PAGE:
Botanical name Cistus Ladanifer
Source Gum from leaves and terminal branches
Processing Method Steam Distillation
Color/Consistency Yellow brown to brown clear liquid
Aromatic Summary / Note / Strength of Aroma Spicy-sweet, somewhat dry, musky, slightly leathery.
Blends With Frankincense, Sandalwood, Myrrh, Patchouli, Pine, Cypress, Clary Sage and Vetiver.
Labdanum essential oil is often confused with cistus absolute oil because they are both derived from the same plant (cistus ladanifer). However cistus absolute is distilled in a different manner and from different parts of the plant and is considered of far less therapeutic value than real labdanum essential oil which is derived from the crude gum prepared by boiling the leaves and the twigs.
In ancient times, labdanum was collected by combing the beards and thighs of goats and sheep that had grazed on the cistus shrubs. Wooden instruments used were referred to in 19th-century Crete as ergastiri; a lambadistrion ("labdanum-gatherer") was a kind of rake to which a double row of leathern thongs were fixed instead of teeth. These were used to sweep the shrubs and collect the resin which was later extracted. It was collected by the shepherds and sold to coastal traders. The resin was used as an ingredient for incense, and medicinally to treat colds, coughs, menstrual problems and rheumatism.
Labdanum essential oil which is used today in aromatherapy is derived from the leaves and twigs of the shrub by steam distillation. Its scent is sweet, woody with musky undertones and is highly valued in the perfume industry today for its ability to enhance multiple scents.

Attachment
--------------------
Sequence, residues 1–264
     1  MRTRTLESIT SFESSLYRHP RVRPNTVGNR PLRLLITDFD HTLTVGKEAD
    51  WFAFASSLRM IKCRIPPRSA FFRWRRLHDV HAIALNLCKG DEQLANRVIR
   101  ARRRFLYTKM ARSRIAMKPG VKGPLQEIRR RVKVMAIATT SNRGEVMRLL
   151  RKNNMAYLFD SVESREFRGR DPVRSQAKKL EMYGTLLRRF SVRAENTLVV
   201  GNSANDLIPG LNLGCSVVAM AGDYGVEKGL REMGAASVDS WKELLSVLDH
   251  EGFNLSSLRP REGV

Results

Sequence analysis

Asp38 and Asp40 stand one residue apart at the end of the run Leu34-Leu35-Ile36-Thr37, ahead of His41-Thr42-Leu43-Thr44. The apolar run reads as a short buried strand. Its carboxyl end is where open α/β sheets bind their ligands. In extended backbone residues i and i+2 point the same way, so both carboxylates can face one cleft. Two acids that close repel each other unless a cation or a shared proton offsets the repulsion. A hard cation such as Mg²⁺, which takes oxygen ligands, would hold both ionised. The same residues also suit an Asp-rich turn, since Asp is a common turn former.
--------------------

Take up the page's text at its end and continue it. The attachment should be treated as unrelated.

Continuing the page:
Dilute before use; for external use only. May cause skin irritation in some individuals; a skin test is recommended prior to use. Contact with eyes should be avoided.
3-Phenylproprionic acid 0–22.2%
Caryophyllene oxide 0–4.4%
Heptyl vinyl ketone 0–2.9%
Bornyl acetate 1.2–2.1%
Benzyl 3-phenylpropionate 0–1.7%
(E)-Cinnamic acid 0–1.4%
Germacrene D 0–1.0%
Hazards None known.
Contraindications None known
Adverse skin reactions Undiluted labdanum oil was moderately irritating to rabbits; tested at 8% on 25 volunteers it was neither irritating nor sensitizing. It is non-phototoxic.
Acute toxicity Non-toxic. Labdanum oil acute oral LD50 in rats 8.98 g/kg; acute dermal LD50 in rabbits >5 g/kg. 3-Phenylproprionic acid acute oral LD50 in mice 1.6 g/kg.
Carcinogenic/anticarcinogenic potential No information was found for labdanum oil, but it contains no known carcinogens.
The very low content of pinocamphone does not require any restriction for the GABAA receptor inhibitory neurotoxicity
normally associated with pinocamphone, especially since a-pinene potentiates GABAA receptor-mediated responses.
Labdanum oil is distilled from the gum, obtained by immersing the harvested plant material in boiling water. Also see cistus oil. Labdanum gum, and possibly absolute, contains labdane diterpenes such as labdane and sclareol.